The Doctor's Book of Home Remedies for Seniors, by Doug Dollemore, is an A-Z guide for seniors and is offered here for those who like to stay physically active, mentally sharp, and disease-free. Through the years, Rodale Press has earned its kudos by delivering first-rate, usable information to consumers who want safe yet effective solutions to their problems, whether personal or environmental. This book is no exception. It's a large volume and meant to be used. More than 350 doctors and other health care practitioners who specialize in the treatment of seniors share numerous tips and techniques.
You will find 1,500 doctor-recommended remedies that can help prevent, relieve, or cure 120 ailments commonly affecting older citizens. Each section of the book discusses the problem; tells you "When to See a Doctor"; enables you to try simple, cost effective remedies under "Try This First"; offers "Other Wise Ways" to attack the problem, and then advises you about "Managing Your Meds." This large reference provides helpful answers to the questions seniors are likely to ask. Any senior, active or not, will value this book and consult it often.
Massage for Busy People (New World Library, $10.95, 1577310829), by Dawn Groves, is perfect for the sports-minded who are constantly on the go. This little book is small enough to slip into your suitcase next to your workout clothes. Whether using the hotel fitness center equipment or your handy fitness band, you may need something for on-the-road aches and pains that sometimes accompany a more intense workout.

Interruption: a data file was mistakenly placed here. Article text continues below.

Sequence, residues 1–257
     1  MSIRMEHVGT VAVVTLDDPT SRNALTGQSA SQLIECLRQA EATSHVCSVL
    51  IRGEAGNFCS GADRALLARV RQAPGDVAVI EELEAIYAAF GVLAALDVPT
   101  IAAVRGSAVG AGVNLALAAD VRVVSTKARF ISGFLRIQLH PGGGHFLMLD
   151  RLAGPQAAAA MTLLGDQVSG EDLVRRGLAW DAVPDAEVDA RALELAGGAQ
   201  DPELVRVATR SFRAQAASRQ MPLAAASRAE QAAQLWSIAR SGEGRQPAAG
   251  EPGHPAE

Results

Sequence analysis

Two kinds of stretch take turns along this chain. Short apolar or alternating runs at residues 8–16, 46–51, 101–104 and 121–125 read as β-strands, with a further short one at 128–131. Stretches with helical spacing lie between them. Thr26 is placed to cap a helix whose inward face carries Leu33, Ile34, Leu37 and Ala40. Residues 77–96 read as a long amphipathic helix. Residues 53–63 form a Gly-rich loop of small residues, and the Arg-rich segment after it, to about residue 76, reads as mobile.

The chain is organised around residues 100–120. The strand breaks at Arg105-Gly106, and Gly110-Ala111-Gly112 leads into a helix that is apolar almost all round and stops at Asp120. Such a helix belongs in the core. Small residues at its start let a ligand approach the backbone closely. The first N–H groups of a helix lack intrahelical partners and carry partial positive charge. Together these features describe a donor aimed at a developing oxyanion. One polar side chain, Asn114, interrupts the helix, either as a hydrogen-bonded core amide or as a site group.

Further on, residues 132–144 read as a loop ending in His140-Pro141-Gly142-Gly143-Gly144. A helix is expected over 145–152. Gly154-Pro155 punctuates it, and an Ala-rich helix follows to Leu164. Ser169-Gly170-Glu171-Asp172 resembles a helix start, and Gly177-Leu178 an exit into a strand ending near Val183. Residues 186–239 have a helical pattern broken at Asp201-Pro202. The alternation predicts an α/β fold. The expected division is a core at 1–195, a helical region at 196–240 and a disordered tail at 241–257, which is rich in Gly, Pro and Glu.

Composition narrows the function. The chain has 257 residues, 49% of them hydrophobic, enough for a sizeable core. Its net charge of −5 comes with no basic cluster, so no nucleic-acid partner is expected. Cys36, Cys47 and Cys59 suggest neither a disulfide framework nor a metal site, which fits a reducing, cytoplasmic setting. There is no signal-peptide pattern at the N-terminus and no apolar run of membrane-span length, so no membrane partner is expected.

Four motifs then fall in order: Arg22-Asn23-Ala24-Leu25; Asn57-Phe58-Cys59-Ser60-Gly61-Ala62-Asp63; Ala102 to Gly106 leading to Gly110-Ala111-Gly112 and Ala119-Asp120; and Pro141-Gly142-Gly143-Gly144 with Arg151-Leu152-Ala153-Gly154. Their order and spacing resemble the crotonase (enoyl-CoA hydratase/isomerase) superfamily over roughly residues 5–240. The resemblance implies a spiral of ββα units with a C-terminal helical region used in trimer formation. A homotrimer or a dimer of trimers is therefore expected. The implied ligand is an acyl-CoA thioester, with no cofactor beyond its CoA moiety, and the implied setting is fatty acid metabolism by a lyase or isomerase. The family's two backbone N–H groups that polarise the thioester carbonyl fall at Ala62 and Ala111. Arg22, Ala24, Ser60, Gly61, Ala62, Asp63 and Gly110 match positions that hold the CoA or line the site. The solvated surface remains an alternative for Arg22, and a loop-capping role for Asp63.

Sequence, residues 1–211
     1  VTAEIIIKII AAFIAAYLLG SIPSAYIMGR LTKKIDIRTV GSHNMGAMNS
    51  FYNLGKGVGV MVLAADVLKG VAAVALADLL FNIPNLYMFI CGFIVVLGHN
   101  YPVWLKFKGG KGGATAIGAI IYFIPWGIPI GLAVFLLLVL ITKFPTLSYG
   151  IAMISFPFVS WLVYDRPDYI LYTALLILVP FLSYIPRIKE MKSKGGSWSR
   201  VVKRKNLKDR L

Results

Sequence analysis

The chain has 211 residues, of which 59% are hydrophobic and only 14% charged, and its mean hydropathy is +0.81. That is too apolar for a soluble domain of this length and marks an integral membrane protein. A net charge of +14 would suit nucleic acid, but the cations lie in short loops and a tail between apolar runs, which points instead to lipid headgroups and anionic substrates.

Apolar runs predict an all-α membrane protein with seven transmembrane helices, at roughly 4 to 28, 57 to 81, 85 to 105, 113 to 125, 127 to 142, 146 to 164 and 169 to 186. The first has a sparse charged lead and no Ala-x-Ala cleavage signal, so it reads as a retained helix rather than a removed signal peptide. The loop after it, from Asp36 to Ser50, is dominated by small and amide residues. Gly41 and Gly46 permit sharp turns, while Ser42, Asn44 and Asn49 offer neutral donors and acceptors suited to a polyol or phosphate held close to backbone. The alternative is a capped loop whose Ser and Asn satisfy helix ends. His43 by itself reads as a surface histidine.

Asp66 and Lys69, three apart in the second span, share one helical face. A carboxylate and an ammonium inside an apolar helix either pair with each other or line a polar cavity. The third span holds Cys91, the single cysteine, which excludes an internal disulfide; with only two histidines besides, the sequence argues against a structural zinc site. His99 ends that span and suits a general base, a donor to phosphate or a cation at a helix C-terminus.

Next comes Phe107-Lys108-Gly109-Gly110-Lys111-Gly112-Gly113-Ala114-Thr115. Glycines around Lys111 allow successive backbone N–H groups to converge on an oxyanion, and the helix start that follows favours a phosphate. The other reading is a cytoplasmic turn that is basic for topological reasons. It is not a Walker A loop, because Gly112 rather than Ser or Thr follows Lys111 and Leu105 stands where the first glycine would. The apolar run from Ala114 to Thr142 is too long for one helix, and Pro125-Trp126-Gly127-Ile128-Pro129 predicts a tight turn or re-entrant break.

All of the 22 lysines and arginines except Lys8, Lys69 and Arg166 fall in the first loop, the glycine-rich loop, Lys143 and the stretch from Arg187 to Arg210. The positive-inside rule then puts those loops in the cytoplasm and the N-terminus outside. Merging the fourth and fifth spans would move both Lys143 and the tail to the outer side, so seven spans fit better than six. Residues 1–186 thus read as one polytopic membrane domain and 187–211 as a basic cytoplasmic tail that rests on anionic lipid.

Groves demonstrates self-massage techniques that deliver relief in minutes and includes instructions for quick massage when sitting at a desk, in a vehicle, or an airplane. There's something to ease the body during prolonged walking or standing and a sure-fire cure for lethargy and backache. She also throws in techniques for replenishing your energy as well as easing a stiff neck or a headache so common to travelers (this is great for long summer trips - business or pleasure). Clear instructions, varied topics, and 30 photos make this little book the perfect post-workout cool-down and the perfect gift for any health-conscious traveler of any age.
Healing Mantras (Ballantine, $12.95, 345431707), by Thomas Ashley-Farrand, will prove to be a trip down memory lane for those of us who listened to Ravi Shankar in the '60s. These ". . . chanting of songs, verses, and mystic formulas existed long before the development of even the most primitive instruments. In modern times, the healing benefits of liturgical chanting have only recently been rediscovered . . ." Ashley-Farrand's book is the first practical how-to guide in which ancient Sanskrit mantras have been explained and adapted to Western needs.
However, the book is not only for beginners who wish to study the energy-based techniques of sound meditation. It's for the practiced as well. The author explains how mantras work, how to use your own mantra, and how these rhythms of healing sounds can help solve health problems, allow you to find inner peace, gain mental clarity, and overcome fear. If you've always steeped yourself in the Western Tradition, after reading this book you may consider that there are other effective ways to reach a state of wellness and peace in body and mind.
Pat Regel gardens and pumps iron.